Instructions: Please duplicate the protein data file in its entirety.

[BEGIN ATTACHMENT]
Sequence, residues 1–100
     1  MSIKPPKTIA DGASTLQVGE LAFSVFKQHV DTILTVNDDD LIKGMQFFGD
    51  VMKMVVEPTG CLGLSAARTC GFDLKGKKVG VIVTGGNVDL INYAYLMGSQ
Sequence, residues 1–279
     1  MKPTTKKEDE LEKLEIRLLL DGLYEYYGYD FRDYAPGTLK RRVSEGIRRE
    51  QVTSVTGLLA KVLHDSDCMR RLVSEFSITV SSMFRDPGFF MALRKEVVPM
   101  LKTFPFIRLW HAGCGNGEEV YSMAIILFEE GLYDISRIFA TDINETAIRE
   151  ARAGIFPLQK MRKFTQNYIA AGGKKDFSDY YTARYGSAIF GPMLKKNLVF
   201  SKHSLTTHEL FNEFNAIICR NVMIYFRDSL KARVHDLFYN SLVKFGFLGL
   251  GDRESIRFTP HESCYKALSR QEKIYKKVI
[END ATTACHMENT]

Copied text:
Sequence, residues 1–100
     1  MSIKPPKTIA DGASTLQVGE LAFSVFKQHV DTILTVNDDD LIKGMQFFGD
    51  VMKMVVEPTG CLGLSAARTC GFDLKGKKVG VIVTGGNVDL INYAYLMGSQ
Sequence, residues 1–279
     1  MKPTTKKEDE LEKLEIRLLL DGLYEYYGYD FRDYAPGTLK RRVSEGIRRE
    51  QVTSVTGLLA KVLHDSDCMR RLVSEFSITV SSMFRDPGFF MALRKEVVPM
   101  LKTFPFIRLW HAGCGNGEEV YSMAIILFEE GLYDISRIFA TDINETAIRE
   151  ARAGIFPLQK MRKFTQNYIA AGGKKDFSDY YTARYGSAIF GPMLKKNLVF
   201  SKHSLTTHEL FNEFNAIICR NVMIYFRDSL KARVHDLFYN SLVKFGFLGL
   251  GDRESIRFTP HESCYKALSR QEKIYKKVI